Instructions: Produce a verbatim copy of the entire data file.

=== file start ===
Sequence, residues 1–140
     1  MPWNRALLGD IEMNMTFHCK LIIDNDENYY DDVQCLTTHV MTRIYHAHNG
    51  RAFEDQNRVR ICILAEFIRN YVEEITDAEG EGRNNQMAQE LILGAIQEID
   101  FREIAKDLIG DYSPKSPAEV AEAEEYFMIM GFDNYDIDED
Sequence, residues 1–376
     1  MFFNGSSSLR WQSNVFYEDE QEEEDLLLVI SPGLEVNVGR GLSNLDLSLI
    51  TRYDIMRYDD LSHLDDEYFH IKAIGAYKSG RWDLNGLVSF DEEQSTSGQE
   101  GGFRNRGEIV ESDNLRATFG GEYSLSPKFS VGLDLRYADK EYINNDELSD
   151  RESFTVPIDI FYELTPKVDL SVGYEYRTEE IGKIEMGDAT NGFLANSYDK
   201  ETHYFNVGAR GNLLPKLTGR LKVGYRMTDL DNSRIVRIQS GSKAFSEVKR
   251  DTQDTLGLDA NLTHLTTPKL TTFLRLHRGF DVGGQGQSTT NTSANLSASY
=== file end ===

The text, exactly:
Sequence, residues 1–140
     1  MPWNRALLGD IEMNMTFHCK LIIDNDENYY DDVQCLTTHV MTRIYHAHNG
    51  RAFEDQNRVR ICILAEFIRN YVEEITDAEG EGRNNQMAQE LILGAIQEID
   101  FREIAKDLIG DYSPKSPAEV AEAEEYFMIM GFDNYDIDED
Sequence, residues 1–376
     1  MFFNGSSSLR WQSNVFYEDE QEEEDLLLVI SPGLEVNVGR GLSNLDLSLI
    51  TRYDIMRYDD LSHLDDEYFH IKAIGAYKSG RWDLNGLVSF DEEQSTSGQE
   101  GGFRNRGEIV ESDNLRATFG GEYSLSPKFS VGLDLRYADK EYINNDELSD
   151  RESFTVPIDI FYELTPKVDL SVGYEYRTEE IGKIEMGDAT NGFLANSYDK
   201  ETHYFNVGAR GNLLPKLTGR LKVGYRMTDL DNSRIVRIQS GSKAFSEVKR
   251  DTQDTLGLDA NLTHLTTPKL TTFLRLHRGF DVGGQGQSTT NTSANLSASY